09/07/2004 11:00PM

Slots question may go to voters


Maryland's three top elected officials agreed Monday night to try to revive a plan to let voters decide in November whether the state should legalize slot machine gambling.

Senate and House leaders said Gov. Robert L. Ehrlich Jr. softened his objections to a referendum on slots, creating an opening for the General Assembly to rush into special session and seal a deal on gambling, possibly as early as this week.

House Democrats were scheduled meet Wednesday to gauge support for the tentative deal that would allow between 13,500 and 15,500 slot machines to be placed at six sites in the state, including three racetracks. If they agree and Ehrlich, a Republican, remains on board, both houses would have to convene in Annapolis and vote by Sept. 20 to meet the deadline for placing a question on November's ballot, according to state election officials.

"This is the last best chance for persons who want a referendum on this issue to come forward and seek a compromise," Senate President Thomas V. Mike Miller Jr., a Democrat, said Tuesday.

Ehrlich met with Miller and House Speaker Michael E. Busch on Monday night at the governor's mansion. Busch, a Democrat, has insisted upon a referendum, a persistent obstacle to a slots deal all summer.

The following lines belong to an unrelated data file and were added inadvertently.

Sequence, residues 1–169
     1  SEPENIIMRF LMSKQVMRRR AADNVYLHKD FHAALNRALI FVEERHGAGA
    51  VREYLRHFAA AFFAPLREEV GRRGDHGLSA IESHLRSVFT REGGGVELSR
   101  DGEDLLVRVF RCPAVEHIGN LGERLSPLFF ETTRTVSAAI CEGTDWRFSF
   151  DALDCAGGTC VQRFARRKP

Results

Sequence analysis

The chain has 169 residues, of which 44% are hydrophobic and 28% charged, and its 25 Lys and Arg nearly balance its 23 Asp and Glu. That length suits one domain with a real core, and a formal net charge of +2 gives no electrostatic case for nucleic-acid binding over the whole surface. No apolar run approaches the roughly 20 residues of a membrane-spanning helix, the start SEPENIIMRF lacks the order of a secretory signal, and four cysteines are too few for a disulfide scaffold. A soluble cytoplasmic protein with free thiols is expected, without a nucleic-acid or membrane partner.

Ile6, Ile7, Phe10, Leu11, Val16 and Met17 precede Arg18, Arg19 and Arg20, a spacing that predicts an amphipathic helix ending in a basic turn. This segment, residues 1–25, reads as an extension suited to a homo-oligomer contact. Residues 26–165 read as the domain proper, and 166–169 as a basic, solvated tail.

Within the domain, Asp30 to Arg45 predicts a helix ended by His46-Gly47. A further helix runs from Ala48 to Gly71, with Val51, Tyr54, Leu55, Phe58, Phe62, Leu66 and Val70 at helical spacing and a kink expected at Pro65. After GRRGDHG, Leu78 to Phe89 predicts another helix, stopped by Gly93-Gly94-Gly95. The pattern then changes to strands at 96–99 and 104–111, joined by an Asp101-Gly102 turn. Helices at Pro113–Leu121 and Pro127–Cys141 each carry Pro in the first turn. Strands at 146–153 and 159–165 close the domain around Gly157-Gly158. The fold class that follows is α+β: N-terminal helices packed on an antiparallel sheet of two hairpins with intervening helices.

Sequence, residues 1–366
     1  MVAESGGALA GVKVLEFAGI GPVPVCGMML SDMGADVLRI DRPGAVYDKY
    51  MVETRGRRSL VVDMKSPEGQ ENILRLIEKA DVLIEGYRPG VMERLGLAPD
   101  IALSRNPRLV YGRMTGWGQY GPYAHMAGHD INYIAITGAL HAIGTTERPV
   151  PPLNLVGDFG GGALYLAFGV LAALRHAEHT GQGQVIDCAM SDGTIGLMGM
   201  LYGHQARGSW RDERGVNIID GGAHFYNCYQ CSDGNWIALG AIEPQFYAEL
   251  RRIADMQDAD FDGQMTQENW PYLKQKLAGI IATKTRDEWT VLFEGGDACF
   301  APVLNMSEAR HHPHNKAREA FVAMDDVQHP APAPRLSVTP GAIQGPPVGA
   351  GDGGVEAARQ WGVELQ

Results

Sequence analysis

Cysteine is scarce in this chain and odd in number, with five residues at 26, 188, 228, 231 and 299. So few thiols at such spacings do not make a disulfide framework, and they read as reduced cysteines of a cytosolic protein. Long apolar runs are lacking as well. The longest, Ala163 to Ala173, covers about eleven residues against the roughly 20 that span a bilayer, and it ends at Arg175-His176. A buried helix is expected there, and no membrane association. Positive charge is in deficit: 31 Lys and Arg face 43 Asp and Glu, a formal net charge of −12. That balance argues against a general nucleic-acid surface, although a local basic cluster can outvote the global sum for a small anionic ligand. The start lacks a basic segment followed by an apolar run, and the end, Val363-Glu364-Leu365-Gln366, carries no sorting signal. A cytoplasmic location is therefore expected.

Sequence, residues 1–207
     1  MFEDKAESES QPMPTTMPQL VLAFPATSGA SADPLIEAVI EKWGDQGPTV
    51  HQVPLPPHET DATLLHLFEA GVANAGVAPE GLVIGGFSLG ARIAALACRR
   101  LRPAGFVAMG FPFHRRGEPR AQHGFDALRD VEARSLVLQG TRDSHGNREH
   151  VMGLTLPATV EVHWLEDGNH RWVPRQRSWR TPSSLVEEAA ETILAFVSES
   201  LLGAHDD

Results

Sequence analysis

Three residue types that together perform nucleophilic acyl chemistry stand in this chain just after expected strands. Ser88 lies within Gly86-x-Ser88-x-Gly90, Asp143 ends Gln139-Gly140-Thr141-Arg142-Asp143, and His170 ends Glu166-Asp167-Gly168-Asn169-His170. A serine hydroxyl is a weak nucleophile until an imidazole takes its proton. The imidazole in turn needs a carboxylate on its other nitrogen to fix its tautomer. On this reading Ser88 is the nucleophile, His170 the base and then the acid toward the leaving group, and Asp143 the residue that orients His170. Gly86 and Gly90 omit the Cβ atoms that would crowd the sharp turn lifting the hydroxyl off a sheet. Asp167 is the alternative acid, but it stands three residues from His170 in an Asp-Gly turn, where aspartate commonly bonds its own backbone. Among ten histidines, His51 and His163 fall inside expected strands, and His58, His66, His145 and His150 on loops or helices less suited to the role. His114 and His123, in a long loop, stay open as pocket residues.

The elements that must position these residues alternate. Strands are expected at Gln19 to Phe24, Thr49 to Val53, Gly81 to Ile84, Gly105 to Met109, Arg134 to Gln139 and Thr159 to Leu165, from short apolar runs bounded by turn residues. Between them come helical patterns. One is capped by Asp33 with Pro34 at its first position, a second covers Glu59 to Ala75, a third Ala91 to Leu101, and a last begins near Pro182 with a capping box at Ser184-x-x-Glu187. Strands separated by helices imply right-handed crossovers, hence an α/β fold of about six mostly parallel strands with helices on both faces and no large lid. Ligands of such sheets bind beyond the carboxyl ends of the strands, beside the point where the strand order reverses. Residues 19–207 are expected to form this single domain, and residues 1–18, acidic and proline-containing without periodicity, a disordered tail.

"Nobody was more surprised than me that [Ehrlich] had changed his position," Busch said. "But he indicated he wanted to move forward."

Paul E. Schurick, Ehrlich's communications director, said that the governor's position has not changed dramatically but that Ehrlich "is going out of his way to accommodate the speaker's interests."

The governor has asked Busch to tally the votes in the House to see whether he can muster the support of 85 delegates, the number needed to pass the measure as a constitutional amendment. Doing so is the only mechanism for putting the matter on the ballot. Ehrlich has committed to delivering support from the 43 House Republicans.

While all three political leaders stopped short Tuesday of predicting success, Busch scrambled to pull House Democrats together to weigh in on the plan. In its current form, the deal would place slots at three tracks: Pimlico, Laurel Park, and Rosecroft. And, it would put three sites up for bid: the state's Cumberland-area golf resort at Rocky Gap, a state-owned site in Cambridge, and a downtown Baltimore site, possibly at the Inner Harbor.

Miller said several issues need to be resolved related to the percentage of profit that would go to the racing industry. He did not expect Senate support to be a problem.